Perched on a slope overlooking the sea in Batu Maung are more than 50 stone statues of Chinese deities and western icons left in a state of ruin and neglect.
A popular tourist attraction between the 1950s and 1970s, this spot is now reduced to a state of oblivion.
The statues include those of Snow White and the Seven Dwarves (now left with four dwarves), Santa Claus, Statue of Liberty, Pegasus, Mon- key God, Kuan Yin and Laughing Buddha.
Some are broken, cracked and their colours faded while others have crumbled apart.
Their sculptor Tan Gim Huat, 76, said he started making the first sta-tue, a tiger, in 1951, and created more than 100 others over a period of 20 years.
“My ideas came from toys, television and story books. Even during my school days, I had an interest in art.
“When I opened a photo shop on the slope, I decided to sculpt some figures to attract customers. I spent about RM100 per figure. And before I knew it, I had made over 100 statues.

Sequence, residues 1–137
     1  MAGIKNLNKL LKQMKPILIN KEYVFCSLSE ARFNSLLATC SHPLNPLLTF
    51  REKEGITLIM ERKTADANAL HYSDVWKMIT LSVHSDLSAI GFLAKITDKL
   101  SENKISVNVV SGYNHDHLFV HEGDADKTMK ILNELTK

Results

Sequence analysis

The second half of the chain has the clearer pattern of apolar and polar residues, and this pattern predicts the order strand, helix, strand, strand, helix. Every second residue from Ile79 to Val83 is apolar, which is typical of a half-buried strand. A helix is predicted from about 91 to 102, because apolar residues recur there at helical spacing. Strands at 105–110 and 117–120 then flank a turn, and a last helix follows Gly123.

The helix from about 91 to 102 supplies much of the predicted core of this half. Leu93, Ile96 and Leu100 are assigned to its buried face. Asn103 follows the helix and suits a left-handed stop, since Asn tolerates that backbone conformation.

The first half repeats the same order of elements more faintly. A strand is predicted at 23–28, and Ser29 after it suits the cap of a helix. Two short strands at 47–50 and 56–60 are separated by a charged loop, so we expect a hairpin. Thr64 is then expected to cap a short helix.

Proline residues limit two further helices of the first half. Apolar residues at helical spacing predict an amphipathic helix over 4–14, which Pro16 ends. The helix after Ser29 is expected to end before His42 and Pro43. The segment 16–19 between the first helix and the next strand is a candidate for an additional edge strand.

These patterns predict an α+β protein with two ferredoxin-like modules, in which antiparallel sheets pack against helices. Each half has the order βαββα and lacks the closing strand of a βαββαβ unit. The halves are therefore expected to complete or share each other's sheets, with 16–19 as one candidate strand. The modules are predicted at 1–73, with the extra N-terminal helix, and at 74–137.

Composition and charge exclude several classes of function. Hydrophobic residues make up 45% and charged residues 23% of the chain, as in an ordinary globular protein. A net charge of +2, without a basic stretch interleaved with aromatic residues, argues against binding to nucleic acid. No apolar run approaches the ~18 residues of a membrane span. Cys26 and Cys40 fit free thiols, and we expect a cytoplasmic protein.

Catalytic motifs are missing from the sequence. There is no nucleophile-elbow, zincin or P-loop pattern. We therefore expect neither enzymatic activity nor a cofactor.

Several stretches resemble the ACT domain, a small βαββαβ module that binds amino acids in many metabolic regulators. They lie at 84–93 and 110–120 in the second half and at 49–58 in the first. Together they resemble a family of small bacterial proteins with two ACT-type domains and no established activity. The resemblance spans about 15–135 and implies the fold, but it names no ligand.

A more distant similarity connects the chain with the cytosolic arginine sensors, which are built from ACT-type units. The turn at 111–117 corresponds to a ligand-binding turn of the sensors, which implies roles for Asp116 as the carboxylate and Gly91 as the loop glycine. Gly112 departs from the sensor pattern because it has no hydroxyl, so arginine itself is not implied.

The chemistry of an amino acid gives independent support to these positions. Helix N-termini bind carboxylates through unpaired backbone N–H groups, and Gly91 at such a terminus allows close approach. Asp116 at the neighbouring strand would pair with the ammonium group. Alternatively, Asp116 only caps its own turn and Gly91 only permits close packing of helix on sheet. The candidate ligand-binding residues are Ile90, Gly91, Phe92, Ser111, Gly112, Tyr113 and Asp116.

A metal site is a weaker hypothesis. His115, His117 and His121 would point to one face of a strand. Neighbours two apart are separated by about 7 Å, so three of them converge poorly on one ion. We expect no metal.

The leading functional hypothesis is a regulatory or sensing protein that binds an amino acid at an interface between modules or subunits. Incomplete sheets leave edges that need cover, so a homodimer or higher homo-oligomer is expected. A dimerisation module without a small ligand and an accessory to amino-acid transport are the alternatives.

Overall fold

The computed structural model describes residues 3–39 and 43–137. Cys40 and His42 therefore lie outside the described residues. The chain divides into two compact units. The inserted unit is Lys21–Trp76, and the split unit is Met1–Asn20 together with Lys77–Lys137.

“On a good day, I could earn up to RM1,000 from taking photos. I charged RM100 for a set of 50 prints,” said the ex-St Xavier’s student, now a grandfather of eight.
However, he said, he had to vacate the premises when its owner wanted to sell the land.
Tan has given up on the photo-graphy business and is now selling fruits in Lorong Kulit.
A stone’s throw from the slope is the Batu Maung Seafood Restaurant and Sam Poh Tong Temple, which was built on the site of Ming Admiral Zheng He's footprint.
Many have likened the area to a mini version of Hong Kong’s Repulse Bay, which also features statues of Chinese deities overlooking the sea.
Pioneer Batu Maung resident Loh Gin Kui urged the government to re-vive the place, which still had great tourism potential.
“When the second Penang bridge is completed, motorists heading for the island can enjoy the view of the statues on the bay,” he added.
“In its heyday, pony rides and ronggeng dances were held here. Apart from foreign tourists, people of all races from as far as Kedah and Perak flocked here,” he said.
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